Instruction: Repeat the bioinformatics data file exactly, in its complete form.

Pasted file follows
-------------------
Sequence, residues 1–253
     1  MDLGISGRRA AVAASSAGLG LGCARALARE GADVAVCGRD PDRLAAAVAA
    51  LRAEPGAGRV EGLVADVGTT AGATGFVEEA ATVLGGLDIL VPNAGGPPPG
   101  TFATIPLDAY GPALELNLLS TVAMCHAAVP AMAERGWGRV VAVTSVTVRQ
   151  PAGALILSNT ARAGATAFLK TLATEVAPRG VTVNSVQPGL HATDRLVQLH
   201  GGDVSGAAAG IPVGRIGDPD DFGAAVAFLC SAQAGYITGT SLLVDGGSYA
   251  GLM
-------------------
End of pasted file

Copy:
Sequence, residues 1–253
     1  MDLGISGRRA AVAASSAGLG LGCARALARE GADVAVCGRD PDRLAAAVAA
    51  LRAEPGAGRV EGLVADVGTT AGATGFVEEA ATVLGGLDIL VPNAGGPPPG
   101  TFATIPLDAY GPALELNLLS TVAMCHAAVP AMAERGWGRV VAVTSVTVRQ
   151  PAGALILSNT ARAGATAFLK TLATEVAPRG VTVNSVQPGL HATDRLVQLH
   201  GGDVSGAAAG IPVGRIGDPD DFGAAVAFLC SAQAGYITGT SLLVDGGSYA
   251  GLM